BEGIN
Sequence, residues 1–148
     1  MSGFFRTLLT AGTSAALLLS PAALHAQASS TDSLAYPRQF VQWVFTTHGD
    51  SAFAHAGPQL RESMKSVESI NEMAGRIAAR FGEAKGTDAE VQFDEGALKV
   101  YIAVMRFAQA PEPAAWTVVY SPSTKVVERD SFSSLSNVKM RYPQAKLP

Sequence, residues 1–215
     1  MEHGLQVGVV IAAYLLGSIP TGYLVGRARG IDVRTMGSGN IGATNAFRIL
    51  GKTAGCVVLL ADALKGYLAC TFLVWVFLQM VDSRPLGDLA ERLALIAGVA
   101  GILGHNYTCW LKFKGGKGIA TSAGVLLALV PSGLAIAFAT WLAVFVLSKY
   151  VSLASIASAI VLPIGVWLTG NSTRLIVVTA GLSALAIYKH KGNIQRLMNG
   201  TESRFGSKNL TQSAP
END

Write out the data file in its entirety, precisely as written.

Sequence, residues 1–148
     1  MSGFFRTLLT AGTSAALLLS PAALHAQASS TDSLAYPRQF VQWVFTTHGD
    51  SAFAHAGPQL RESMKSVESI NEMAGRIAAR FGEAKGTDAE VQFDEGALKV
   101  YIAVMRFAQA PEPAAWTVVY SPSTKVVERD SFSSLSNVKM RYPQAKLP

Sequence, residues 1–215
     1  MEHGLQVGVV IAAYLLGSIP TGYLVGRARG IDVRTMGSGN IGATNAFRIL
    51  GKTAGCVVLL ADALKGYLAC TFLVWVFLQM VDSRPLGDLA ERLALIAGVA
   101  GILGHNYTCW LKFKGGKGIA TSAGVLLALV PSGLAIAFAT WLAVFVLSKY
   151  VSLASIASAI VLPIGVWLTG NSTRLIVVTA GLSALAIYKH KGNIQRLMNG
   201  TESRFGSKNL TQSAP